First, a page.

(Respectively, photos taken in Toronto; Hope, BC; New York City; China Beach, BC; Chilliwack, BC; Volcan Arenal, Costa Rica; and Montezuma, Costa Rica)

Waterfalls…but only when pushed

Considering my fear of heights (I can’t even watch a film of a cliff face), my fascination with waterfalls intrigues me. There is something about the descent of all that water that just amazes me.

Maybe it’s the power. Maybe it’s the freedom. I know there’s a thrill.

The following photos were taken in a variety of locations, including British Columbia, Costa Rica and Las Vegas.

Loathe to sloth

I have to be the only person I know for whom the mammal sloth and the deadly sin sloth are seemingly unrelated.

As I traveled Costa Rica recently, my eagle-eyed brother spotted an amorphous blotch in the tree tops at the side of the highway, so we stopped.

After a few clouds parted, the blotch slowly unwound and took the form of a sloth…a very active sloth, in fact…wait, two very active sloths.

The following photos were taken between Volcan Arenal and La Fortuna.

Man, who woke me up? I took lots of photos of a bundle of mossy fur, only to suddenly have her unfurl and make a move up the tree.



Mom, why is it suddenly so bright? We were astounded when we realized it wasn’t just one sloth but a family.


Hey you, with the camera, bugger off! Look at that face…for an animal that usually looks dead, this one is pretty animated. Wondering if baby has something to do with it.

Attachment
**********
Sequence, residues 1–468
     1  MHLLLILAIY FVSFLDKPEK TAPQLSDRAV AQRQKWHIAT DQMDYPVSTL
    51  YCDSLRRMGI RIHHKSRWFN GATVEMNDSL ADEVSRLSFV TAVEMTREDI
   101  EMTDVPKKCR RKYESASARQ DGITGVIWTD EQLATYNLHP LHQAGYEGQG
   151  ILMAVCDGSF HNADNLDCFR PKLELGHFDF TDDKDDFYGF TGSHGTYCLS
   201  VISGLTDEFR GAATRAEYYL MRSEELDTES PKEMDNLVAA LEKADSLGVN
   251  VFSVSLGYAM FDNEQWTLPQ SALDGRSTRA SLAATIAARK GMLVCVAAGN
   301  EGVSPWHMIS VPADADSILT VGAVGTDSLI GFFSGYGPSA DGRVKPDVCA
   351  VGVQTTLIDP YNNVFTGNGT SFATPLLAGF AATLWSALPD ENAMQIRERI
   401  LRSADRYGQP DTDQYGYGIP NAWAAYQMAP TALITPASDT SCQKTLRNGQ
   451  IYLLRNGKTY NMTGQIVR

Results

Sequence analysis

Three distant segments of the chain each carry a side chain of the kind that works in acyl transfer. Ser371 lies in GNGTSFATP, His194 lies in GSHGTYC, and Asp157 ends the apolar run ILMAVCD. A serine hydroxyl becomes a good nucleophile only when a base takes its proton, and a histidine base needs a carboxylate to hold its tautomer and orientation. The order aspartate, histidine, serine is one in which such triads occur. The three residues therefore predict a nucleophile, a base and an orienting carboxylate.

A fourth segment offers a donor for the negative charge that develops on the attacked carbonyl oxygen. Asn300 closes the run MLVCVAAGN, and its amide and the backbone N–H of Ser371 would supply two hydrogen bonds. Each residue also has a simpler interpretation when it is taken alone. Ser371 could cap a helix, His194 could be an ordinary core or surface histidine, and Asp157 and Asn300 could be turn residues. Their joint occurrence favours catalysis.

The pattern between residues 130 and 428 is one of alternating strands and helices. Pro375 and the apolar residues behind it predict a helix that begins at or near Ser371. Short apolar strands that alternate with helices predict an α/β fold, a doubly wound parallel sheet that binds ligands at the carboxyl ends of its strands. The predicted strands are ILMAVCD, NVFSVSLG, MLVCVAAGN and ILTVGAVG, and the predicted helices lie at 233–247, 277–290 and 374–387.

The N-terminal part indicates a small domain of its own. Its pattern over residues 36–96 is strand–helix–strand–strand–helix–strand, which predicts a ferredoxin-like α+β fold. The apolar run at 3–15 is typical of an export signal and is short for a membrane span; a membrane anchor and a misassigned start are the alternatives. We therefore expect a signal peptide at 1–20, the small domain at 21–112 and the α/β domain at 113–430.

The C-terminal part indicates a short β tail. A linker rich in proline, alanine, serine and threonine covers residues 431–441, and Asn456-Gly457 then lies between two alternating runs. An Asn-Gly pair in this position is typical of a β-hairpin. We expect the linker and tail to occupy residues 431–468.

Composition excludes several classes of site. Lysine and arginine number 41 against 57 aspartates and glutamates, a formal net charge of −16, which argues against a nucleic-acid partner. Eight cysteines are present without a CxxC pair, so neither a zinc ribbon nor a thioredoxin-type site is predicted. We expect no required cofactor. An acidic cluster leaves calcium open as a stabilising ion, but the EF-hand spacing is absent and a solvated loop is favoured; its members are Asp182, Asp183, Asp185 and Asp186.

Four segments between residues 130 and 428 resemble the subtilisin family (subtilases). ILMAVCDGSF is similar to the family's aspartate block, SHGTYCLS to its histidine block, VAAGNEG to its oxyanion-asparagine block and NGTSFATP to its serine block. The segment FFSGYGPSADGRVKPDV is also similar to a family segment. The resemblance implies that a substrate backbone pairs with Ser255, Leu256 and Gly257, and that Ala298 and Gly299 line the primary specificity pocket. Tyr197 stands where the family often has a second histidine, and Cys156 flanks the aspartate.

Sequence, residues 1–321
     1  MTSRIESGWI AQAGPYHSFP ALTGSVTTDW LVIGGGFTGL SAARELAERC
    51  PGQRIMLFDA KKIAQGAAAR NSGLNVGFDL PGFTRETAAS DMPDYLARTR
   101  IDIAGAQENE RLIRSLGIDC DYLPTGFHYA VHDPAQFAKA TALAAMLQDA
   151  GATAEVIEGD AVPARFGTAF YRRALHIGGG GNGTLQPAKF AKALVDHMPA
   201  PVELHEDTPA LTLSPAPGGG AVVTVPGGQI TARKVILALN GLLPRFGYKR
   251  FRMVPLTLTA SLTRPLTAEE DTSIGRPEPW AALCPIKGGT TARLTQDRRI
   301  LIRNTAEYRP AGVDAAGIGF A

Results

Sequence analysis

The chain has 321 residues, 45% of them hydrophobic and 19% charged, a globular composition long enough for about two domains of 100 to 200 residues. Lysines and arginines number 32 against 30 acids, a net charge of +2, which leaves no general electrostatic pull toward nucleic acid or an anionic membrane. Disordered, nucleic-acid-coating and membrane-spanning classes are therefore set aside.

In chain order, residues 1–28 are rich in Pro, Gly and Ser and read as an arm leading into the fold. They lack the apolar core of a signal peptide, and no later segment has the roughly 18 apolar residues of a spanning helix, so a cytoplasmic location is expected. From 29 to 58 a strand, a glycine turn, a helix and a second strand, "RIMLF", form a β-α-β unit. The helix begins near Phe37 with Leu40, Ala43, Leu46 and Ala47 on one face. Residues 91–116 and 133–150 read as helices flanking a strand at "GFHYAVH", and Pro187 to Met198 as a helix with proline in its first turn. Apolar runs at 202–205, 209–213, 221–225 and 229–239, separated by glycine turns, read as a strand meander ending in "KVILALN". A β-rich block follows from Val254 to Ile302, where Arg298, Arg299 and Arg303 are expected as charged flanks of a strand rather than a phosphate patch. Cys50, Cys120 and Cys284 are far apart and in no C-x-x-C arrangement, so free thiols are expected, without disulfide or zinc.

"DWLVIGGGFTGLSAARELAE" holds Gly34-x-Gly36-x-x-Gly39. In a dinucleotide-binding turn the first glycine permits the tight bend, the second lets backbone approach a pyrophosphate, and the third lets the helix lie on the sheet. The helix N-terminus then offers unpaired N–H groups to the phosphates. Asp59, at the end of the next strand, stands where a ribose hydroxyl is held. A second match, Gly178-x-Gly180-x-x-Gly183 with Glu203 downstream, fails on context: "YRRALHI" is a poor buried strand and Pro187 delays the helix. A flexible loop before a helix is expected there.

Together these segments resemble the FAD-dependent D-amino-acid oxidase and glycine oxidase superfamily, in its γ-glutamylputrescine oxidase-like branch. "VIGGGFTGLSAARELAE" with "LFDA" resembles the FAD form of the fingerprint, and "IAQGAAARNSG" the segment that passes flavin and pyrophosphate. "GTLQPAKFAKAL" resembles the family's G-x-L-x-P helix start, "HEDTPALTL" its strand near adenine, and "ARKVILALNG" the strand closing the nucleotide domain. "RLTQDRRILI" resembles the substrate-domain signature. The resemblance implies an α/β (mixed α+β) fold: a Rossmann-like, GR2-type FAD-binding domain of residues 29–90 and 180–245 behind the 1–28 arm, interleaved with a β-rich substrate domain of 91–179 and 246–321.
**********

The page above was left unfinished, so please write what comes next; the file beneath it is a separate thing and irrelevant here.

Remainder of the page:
Who you yelling at, mom? I can only imagine how large the baby’s claws are and what they would do to mom if she didn’t have that thick shag.



Snack time.


The great thing about photographing sloths is once you have a good angle, you have all day to click away. They move, but not very quickly, and given their roost about 50 feet off the ground, they don’t really have to.

Birds of Costa Rica – Volcan Arenal

On a recent trip to Costa Rica, I had the pleasure of spending time with some avian friends who seemed quite relaxed about having their photos taken. The results make me crave a decent telephoto lens.

The photos that follow were from a couple of days in the area of Volcan Arenal, which had annoying gone dormant a year before my arrival.

This little guy seemed a bit distracted, so I had more time to take his picture.



Every time this fellow tried to make any headway at a feeding station, he was chased off by the whack-jobs known as the Montezuma Oropendula.



Patience is a virtue and he was extremely patient with me.



The whack jobs themselves. I am still working on capturing movement.



Vultures are everywhere down there. I liked the contrast against the cloud. There’s something both ominous and majestic to me about these birds.



I wish I’d gotten a better shot of this fellow–his plummage was gorgeous–but he was not very patient, spent a lot of time moving through branches, and I was losing my light.